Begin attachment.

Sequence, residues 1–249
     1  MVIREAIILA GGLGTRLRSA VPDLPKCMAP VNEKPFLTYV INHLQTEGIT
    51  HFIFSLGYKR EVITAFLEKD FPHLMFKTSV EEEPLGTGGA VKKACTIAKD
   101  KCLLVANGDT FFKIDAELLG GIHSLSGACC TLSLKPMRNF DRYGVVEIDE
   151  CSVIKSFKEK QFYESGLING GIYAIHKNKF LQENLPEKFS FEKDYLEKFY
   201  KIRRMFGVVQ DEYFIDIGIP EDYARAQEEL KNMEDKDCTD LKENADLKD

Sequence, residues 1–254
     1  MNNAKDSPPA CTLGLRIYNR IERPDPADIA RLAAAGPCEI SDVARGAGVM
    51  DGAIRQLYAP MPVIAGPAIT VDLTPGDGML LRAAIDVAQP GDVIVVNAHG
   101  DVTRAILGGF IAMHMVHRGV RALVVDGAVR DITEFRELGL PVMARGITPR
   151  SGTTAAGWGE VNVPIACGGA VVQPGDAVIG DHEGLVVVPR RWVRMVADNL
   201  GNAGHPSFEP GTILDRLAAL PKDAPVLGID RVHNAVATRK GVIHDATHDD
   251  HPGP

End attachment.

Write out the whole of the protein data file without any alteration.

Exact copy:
Sequence, residues 1–249
     1  MVIREAIILA GGLGTRLRSA VPDLPKCMAP VNEKPFLTYV INHLQTEGIT
    51  HFIFSLGYKR EVITAFLEKD FPHLMFKTSV EEEPLGTGGA VKKACTIAKD
   101  KCLLVANGDT FFKIDAELLG GIHSLSGACC TLSLKPMRNF DRYGVVEIDE
   151  CSVIKSFKEK QFYESGLING GIYAIHKNKF LQENLPEKFS FEKDYLEKFY
   201  KIRRMFGVVQ DEYFIDIGIP EDYARAQEEL KNMEDKDCTD LKENADLKD

Sequence, residues 1–254
     1  MNNAKDSPPA CTLGLRIYNR IERPDPADIA RLAAAGPCEI SDVARGAGVM
    51  DGAIRQLYAP MPVIAGPAIT VDLTPGDGML LRAAIDVAQP GDVIVVNAHG
   101  DVTRAILGGF IAMHMVHRGV RALVVDGAVR DITEFRELGL PVMARGITPR
   151  SGTTAAGWGE VNVPIACGGA VVQPGDAVIG DHEGLVVVPR RWVRMVADNL
   201  GNAGHPSFEP GTILDRLAAL PKDAPVLGID RVHNAVATRK GVIHDATHDD
   251  HPGP